Brazil Table of Contents

As is typical in demographic transitions, declines in mortality preceded declines in fertility in Brazil, but the process took only a few decades rather than centuries, as it did in developed countries. The death rate started to fall in the 1940s because of the expanding public health system, urbanization, and sanitation. The crude death rate in 1995 was eight per 1,000 population, a notable decrease from the 1960-65 rate of 12.3. The 1995 level, which is similar to that of developed countries, resulted from the age structure being still relatively younger.

Life expectancy at birth, which is a measure of mortality that is not affected by different age structures, began to rise in Brazil in the 1940s. It increased from 42.7 years in 1940 to 52.7 years in 1970 and 67.1 years in 1995. It is projected to reach 68.5 years in 2000 and 75.5 years in 2020. Life expectancy for women is about seven years greater than that for men, but the differential is decreasing.

A decline in mortality has occurred in all regions, but strong regional variations in life expectancy persist. The lowest levels are found in the Northeast (65.4 years in 1995) and the highest in the South (69.4 years in 1995), slightly higher than the Southeast. The North and Center-West regions have levels of life expectancy close to the national average. Within the socioeconomic strata, higher life expectancy is strongly associated with higher family income. Mortality is generally higher in rural than in urban areas, except for the lowest income groups.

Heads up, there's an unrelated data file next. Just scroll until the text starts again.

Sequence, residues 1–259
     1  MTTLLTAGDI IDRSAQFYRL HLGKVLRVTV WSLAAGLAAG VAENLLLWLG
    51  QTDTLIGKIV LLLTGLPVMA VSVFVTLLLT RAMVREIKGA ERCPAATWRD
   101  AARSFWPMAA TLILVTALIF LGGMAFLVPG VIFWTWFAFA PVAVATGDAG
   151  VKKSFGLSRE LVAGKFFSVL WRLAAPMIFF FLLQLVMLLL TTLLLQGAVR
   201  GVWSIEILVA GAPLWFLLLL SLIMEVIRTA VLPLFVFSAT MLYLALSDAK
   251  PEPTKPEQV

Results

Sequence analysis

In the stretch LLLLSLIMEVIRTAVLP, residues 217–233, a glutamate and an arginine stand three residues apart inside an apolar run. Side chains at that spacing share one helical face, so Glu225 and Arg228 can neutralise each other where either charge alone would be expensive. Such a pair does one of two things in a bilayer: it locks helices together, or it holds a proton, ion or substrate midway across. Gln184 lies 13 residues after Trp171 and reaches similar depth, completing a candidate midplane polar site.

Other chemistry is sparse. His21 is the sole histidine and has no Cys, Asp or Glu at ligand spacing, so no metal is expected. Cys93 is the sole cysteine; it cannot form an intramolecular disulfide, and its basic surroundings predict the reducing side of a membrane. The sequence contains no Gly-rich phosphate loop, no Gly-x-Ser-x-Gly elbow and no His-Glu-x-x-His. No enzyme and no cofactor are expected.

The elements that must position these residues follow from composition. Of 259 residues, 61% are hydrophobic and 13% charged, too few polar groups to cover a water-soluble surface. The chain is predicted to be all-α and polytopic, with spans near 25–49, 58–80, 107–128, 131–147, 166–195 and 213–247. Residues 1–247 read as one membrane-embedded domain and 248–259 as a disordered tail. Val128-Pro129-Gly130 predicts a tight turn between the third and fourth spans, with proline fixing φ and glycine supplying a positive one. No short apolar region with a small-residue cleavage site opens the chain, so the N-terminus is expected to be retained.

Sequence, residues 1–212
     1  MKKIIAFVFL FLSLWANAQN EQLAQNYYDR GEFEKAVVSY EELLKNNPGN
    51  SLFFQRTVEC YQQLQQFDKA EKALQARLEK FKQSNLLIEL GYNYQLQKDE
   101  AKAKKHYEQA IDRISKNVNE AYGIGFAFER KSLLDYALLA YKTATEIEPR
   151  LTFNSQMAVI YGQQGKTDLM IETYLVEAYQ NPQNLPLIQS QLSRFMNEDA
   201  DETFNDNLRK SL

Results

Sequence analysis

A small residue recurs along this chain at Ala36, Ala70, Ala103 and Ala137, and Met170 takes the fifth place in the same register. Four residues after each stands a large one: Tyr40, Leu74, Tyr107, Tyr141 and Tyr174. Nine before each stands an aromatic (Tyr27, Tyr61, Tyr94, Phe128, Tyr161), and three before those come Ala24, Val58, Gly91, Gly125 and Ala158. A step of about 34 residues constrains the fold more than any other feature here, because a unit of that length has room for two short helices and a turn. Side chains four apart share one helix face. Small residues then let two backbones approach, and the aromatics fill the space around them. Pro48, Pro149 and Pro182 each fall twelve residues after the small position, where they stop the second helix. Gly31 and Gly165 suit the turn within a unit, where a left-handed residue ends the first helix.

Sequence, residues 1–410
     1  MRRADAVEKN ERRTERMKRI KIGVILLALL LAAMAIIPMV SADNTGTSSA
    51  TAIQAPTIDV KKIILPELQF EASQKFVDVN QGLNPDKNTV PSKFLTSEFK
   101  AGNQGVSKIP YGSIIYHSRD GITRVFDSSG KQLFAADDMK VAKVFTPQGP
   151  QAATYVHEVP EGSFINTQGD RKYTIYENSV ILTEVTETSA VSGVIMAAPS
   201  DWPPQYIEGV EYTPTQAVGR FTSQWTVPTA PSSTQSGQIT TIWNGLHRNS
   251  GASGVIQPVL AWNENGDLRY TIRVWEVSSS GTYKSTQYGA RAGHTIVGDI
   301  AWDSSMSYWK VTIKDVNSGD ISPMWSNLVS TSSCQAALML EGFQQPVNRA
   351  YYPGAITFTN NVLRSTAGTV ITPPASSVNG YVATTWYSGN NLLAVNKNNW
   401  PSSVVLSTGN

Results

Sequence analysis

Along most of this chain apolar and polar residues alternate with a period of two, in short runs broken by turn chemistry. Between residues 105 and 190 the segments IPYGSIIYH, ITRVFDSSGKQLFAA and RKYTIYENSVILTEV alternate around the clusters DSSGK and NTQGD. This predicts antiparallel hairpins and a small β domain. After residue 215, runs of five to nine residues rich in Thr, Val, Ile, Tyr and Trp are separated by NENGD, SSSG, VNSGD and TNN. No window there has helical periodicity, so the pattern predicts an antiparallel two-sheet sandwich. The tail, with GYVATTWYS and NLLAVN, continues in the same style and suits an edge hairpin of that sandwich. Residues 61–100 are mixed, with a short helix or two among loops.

In the past, the principal causes of death in Brazil were infectious and contagious diseases, especially diarrhea and intestinal parasites among infants, as well as tuberculosis, measles, and respiratory diseases (for a discussion of infant mortality, see Indicators of Health, this ch.). As these were brought under control in the postwar period, primarily in the more developed regions, degenerative diseases such as cardiovascular disorders and cancer became proportionately more prevalent. Deaths from external causes, including violence and traffic accidents, also gained importance.

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Source: U.S. Library of Congress